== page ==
Richard Abbitt is CEO and President of Venture Realty Group, a firm that serves the Southern California startup market.
I'm an entrepreneur, and I'm looking for office space for my new startup. What are my options, and how should I go about finding my first office?
A: Typically, start up companies are in need of enhanced flexibility, so we often search for good subleasing options that will provide a shorter term lease and lower rental rate, with the purpose of providing a lower initial cost option as these spaces often come furnished and have lower security deposit requirements. The shorter term often is an advantage since successful companies will quickly out grow first office locations and won't be put in the position of having to sublet the space themselves. Obviously, there are many factors to consider such as location, expansion possibilities, image, etc.
What are the different kinds of office space, and what does Class A/B/C mean?
A: I think a more relevant question is the difference between conventional office space and creative or flex space. Many start up companies look to distance themselves somewhat from an office environment that is more typical of a law firm or insurance company. We find that many of our clients look for space that have open floor plans, operable windows, high ceilings (that are often exposed) and other structural elements that provide for greater interaction within the company. This is somewhat driven by the local supply of space with "creative" space more common on the Westside than in other areas of the City. Unfortunately, due to greater demand this space can also attract a premium rent at times.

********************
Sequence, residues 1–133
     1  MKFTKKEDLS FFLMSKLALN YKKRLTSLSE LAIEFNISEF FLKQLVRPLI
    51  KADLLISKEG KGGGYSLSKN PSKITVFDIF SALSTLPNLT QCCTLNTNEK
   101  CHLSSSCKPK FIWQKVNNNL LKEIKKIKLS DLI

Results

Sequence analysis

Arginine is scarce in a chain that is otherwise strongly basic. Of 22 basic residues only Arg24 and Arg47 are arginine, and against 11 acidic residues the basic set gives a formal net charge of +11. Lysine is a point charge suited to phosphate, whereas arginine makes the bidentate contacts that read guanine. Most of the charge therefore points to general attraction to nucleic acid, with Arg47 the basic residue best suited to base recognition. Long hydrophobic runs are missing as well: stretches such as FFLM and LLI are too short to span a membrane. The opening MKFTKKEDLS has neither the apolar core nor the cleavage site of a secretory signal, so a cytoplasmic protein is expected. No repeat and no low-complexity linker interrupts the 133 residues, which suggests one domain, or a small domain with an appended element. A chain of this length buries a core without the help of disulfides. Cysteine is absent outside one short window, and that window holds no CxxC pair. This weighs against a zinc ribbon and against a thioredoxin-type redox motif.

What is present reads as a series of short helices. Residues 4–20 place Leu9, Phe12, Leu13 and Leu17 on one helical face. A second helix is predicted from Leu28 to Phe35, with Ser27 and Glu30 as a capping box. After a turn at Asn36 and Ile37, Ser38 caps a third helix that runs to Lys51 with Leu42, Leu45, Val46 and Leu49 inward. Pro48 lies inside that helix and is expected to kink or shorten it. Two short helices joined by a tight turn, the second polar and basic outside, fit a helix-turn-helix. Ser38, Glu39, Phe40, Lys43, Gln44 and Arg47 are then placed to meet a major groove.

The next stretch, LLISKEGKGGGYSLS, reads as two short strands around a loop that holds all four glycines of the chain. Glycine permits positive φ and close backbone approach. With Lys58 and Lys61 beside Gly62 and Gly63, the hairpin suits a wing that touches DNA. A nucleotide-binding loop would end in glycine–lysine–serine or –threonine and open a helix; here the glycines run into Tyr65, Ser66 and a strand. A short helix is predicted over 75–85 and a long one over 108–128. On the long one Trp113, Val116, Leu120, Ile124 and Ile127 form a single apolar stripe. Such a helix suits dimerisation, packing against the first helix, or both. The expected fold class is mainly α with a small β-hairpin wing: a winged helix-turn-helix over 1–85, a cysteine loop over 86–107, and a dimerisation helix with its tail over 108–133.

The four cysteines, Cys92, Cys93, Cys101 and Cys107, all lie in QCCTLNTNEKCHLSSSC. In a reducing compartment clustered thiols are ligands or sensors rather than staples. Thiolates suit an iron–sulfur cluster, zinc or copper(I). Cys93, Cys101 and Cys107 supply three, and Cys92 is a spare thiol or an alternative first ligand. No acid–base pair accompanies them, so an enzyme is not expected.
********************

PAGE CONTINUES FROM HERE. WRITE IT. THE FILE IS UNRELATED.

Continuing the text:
How do I figure out how much square foot office space I need, and are there any benchmarks for different kind of technology companies?
A: Due to the inherent "boot strapping" nature of a start up, many companies opt to be as efficient as possible when it comes to the amount of office space necessary to house employees, but a very quick rule of thumb is a ratio of 4-5/1,000 square feet of space leased. When a company goes much beyond this ratio it creates serious issues pertaining to the quality of the work environment. Obviously, companies that plan to be successful need to look around the corner and plan for future growth so there are trade offs.
What's the difference between leasing and buying, and as a technology company what's better?
A: Since many start ups are venture backed, we rarely see these clients looking for a building to buy. The investment that is received from a venture investor is earmarked for growing the company, not for investing in real estate, so the funds are usually targeted at hiring staff, developing the product, etc. The purchase of a building is much more prevalent for a more mature later stage tech company that is able to forecast its future space needs and is looking to contain future real estate expenses. So the ultimate answer is really dependent upon the actual needs of the individual company, not the industry in which it based.
Richard Abbitt is CEO and President of Venture Realty Group, a full service brokerage firm that serves the startup community in Southern California. You can contact Richard at www.venturerealtygroup.com. (Venture Realty Group is a sponsor of socalTECH.com).